My biggest [current] complaint about the Buffalo Exchange has had little to do with their stupid policies, or the so-obviously-intentionally-unintentional fashion sense they cultivate among their staff and patrons. It is that every one of their employees feels it necessary to sit on the stairs leading into my building absent-mindedly smoking their shitty cigarettes (and leaving all of their butts behind on the ground) every day. A week or so ago, as I was unlocking the door Tall-Skinny-Jean-Wearing-Blonde-Boufant-Coiffed-With-Plaid-Kid stood up, blew smoke in my face and stubbed out his butt leaving it on the ground while I watched him the entire time. When I asked if he was going to pick up his litter he looked at me with the same confusion I so often see on their faces. To be fair, he may really be that confused – I mean those pants have got to be messing up blood circulation to the brain, but still. Then two days ago I was leaving to go to the gym and Shorter-Guy-Who-Needs-To-Admit-His-Real-Size-To-Himself-But-Still-Wears-Skinny-Jeans-And-Undersized-Plaid-Shirts was reclining against the doorway actually preventing my exit. When I interrupted his hazy American Spirited reverie, he appeared extremely put out, if not downright insulted.

I swear to god I want to give all their fixie bikes gears and pull out their silly moustache hairs. Instead, I am just that lady who gets to call the store and kindly (mostly) request that the employees of this establishment please find somewhere else to smoke. Yeah. I am that lady.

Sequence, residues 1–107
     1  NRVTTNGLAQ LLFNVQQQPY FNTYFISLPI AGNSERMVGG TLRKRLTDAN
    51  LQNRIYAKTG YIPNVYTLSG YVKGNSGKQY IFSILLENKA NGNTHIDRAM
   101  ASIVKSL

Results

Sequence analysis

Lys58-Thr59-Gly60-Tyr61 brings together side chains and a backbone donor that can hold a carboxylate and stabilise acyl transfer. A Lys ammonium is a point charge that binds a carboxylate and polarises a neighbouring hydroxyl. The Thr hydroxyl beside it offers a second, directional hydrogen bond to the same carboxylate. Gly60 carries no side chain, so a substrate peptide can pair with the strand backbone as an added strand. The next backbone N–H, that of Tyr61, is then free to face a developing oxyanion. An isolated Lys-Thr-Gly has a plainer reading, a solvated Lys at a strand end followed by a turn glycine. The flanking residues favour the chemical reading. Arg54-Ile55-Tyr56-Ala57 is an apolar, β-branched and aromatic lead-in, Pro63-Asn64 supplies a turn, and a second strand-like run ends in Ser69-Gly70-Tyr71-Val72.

So, in the interest of this PSA, let’s review:

Number 1: You have the right not to be killed by your fashion sense. Murder is a crime, unless it is done by a Hipsters sense of style.

Number 2: You have the right to clothes money, providing of course you don’t mind a little humiliation, investigation. Which, clearly, you do not.

Number 3: You have the right to free speech, as long as you’re not dumb enough to actually try it. [This guy is so embarrassing, he wrote this to LATFH.com.]

I don’t really care what people want to dress like and I appreciate the variety that is evident at every turn in San Francisco. But I do feel that I should be able to be uneffected by the nonsense. I would like to see these Brooklyn Hipster traps around here.

Though, I suppose we all have rights….

And it has been suggested in some quarters
That this is not enough!
Well – –
Get off the streets!
Get off the streets!!

No, really. Get. Off. The. Streets.

Okaythanxbai.

My apologies to The Clash for the bastardization and association of their song to hipster insanity.
All of these amazing images come from the hilarious website Look At This Fucking Hipster dot com.
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About Amanda

I am repatriating expatriate trying to work it all out. Well, to work some of it out anyhow. I am writing here for sanity, focus and general over-sharing.